Email updates

Keep up to date with the latest news and content from Biotechnology for Biofuels and BioMed Central.

Open Access Research

Functional heterologous expression of an engineered full length CipA from Clostridium thermocellum in Thermoanaerobacterium saccharolyticum

Devin H Currie12, Christopher D Herring1, Adam M Guss3, Daniel G Olson1, David A Hogsett2 and Lee R Lynd12*

Author Affiliations

1 Thayer School of Engineering, Dartmouth College, Hanover, NH 03755, USA

2 Mascoma Corporation, Lebanon, NH 03766, USA

3 Oak Ridge National Laboratory, Oak Ridge, TN 37831, USA

For all author emails, please log on.

Biotechnology for Biofuels 2013, 6:32  doi:10.1186/1754-6834-6-32

Published: 1 March 2013

Abstract

Background

Cellulose is highly recalcitrant and thus requires a specialized suite of enzymes to solubilize it into fermentable sugars. In C. thermocellum, these extracellular enzymes are present as a highly active multi-component system known as the cellulosome. This study explores the expression of a critical C. thermocellum cellulosomal component in T. saccharolyticum as a step toward creating a thermophilic bacterium capable of consolidated bioprocessing by employing heterologously expressed cellulosomes.

Results

We developed an inducible promoter system based on the native T. saccharolyticum xynA promoter, which was shown to be induced by xylan and xylose. The promoter was used to express the cellulosomal component cipA*, an engineered form of the wild-type cipA from C. thermocellum. Expression and localization to the supernatant were both verified for CipA*. When a ΔcipA mutant C. thermocellum strain was cultured with a CipA*-expressing T. saccharolyticum strain, hydrolysis and fermentation of 10 grams per liter SigmaCell 101, a highly crystalline cellulose, were observed. This trans-species complementation of a cipA deletion demonstrated the ability for CipA* to assemble a functional cellulosome.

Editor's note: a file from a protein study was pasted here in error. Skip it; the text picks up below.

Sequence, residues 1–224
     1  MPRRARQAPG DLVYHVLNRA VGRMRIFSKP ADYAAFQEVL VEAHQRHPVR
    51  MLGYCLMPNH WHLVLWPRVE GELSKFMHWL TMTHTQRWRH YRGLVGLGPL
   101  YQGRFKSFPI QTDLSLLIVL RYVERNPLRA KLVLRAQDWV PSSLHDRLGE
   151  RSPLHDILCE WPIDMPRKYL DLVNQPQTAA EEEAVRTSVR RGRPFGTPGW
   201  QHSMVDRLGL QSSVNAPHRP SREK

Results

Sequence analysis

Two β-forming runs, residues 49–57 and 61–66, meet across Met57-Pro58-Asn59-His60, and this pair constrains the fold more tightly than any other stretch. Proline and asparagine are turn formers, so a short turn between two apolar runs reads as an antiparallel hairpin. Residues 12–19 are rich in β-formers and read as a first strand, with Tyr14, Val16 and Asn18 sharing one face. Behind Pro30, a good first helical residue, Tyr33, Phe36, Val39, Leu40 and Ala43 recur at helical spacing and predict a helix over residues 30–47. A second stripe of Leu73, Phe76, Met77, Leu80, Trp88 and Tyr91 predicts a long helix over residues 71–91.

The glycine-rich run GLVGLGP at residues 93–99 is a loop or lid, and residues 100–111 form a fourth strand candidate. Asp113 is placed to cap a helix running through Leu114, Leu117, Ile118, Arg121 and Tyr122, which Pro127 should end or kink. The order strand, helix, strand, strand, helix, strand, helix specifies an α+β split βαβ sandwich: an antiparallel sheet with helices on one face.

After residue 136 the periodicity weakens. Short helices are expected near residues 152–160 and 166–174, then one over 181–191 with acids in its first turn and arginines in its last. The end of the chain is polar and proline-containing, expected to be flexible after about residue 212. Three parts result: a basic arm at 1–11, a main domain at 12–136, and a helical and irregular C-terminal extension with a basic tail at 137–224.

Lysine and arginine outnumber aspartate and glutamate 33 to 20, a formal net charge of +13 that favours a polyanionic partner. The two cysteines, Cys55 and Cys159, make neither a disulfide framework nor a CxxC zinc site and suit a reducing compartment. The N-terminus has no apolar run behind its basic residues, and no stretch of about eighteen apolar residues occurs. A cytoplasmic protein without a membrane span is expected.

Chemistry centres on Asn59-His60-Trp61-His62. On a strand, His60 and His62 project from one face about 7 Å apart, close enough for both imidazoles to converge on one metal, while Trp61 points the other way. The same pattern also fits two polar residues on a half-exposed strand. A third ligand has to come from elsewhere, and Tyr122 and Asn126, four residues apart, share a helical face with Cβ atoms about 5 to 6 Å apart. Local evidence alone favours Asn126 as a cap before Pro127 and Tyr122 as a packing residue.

Conclusion

This study is the first example of an engineered thermophile heterologously expressing a structural component of a cellulosome. To achieve this goal we developed and tested an inducible promoter for controlled expression in T. saccharolyticum as well as a synthetic cipA. In addition, we demonstrate a high degree of hydrolysis (up to 93%) on microcrystalline cellulose.

Keywords:
Thermoanaerobacterium saccharolyticum; Clostridium thermocellum; Cellulosome; Thermophile; Anaerobe; Ethanol; Consolidated bioprocessing